Two years after Taliban militias swept across the country to seize power again, there are strong echoes of life as it was before US-led NATO forces toppled them from government in 2001.
Once more, the country is ruled by a fundamentalist movement that has restored many of the strict rules it imposed in the 1990s. The first Taliban regime was notorious for destroying art and cultural patrimony it deemed un-Islamic, such as the giant ancient buddhas carved into cliffs in Bamiyan. They imposed brutal punishments, chopping off hands of thieves, hanging supposed blasphemers in public squares and stoning women accused of adultery.
Once again, executions and lashings are back. Music, movies, dancing and performances are banned, and women are again excluded from nearly all public life, including education and all but a few professions.
The return to fundamentalist policies has chased away Western donors, aid workers and trade partners. Poverty has spiraled to crisis levels, fueled by the ban on women working, deep cuts in foreign aid and international sanctions. But there is nearly universal relief that the relentless bloodshed of the past four decades of invasions, multiple insurgencies and civil war has largely ceased.
There are still sporadic bombings, most attributed to enemies of the Taliban, the extremist group Islamic State-Khorasan Province, or IS-K. But Afghans interviewed say their country is more peaceful than they’ve known for decades.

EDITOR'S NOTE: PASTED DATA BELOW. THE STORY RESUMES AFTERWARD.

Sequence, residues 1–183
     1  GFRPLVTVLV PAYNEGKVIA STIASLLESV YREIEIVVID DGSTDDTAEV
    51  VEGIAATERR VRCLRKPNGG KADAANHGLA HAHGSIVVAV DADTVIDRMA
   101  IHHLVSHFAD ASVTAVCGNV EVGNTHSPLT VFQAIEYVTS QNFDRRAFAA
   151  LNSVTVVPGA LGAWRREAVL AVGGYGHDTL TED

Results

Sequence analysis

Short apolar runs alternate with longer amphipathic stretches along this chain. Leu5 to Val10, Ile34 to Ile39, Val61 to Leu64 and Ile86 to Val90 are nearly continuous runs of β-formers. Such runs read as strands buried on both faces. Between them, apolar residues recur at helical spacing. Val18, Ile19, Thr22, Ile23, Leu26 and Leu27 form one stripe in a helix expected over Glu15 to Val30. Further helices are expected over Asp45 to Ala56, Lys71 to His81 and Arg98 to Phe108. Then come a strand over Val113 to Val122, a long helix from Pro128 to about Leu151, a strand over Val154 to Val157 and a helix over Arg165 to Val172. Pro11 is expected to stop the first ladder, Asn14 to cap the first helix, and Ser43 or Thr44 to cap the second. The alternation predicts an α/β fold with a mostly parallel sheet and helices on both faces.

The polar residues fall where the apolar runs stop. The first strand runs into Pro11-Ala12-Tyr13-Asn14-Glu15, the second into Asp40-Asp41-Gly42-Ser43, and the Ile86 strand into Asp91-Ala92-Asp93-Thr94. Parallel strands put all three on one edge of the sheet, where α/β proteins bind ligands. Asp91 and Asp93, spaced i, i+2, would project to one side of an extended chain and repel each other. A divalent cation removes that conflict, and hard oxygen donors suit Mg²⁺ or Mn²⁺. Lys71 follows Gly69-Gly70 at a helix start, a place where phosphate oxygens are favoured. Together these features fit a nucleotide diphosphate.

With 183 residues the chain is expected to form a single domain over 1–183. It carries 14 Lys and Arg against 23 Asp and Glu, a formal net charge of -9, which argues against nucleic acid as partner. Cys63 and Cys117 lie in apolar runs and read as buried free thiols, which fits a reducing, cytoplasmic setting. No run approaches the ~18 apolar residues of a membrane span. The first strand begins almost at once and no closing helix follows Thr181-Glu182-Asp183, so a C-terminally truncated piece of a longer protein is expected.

The United Nations recorded 1,095 civilians killed in deliberate attacks between Aug. 15, 2021, when the Taliban reclaimed power, through May 30, 2023. That’s a fraction of the annual civilian death toll over two decades of war between US-led NATO forces and insurgents.
Even those who dislike the current regime say banditry, kidnapping and corruption, which were rampant under the previous governments, have been largely reined in.
But less crime and violence does not necessarily translate to prosperity and happiness.
In a three-story building tucked in a Kabul alleyway, a group of women work silently at a loom. Zamarod’s hands move swiftly, nimble fingers flitting between strands of yarn as she knots colored wool around them, making a carpet. Her movements are rapid, almost brusque, but her voice is soft and sad. “My life is like a prisoner,” she says. “Like a bird in a cage.”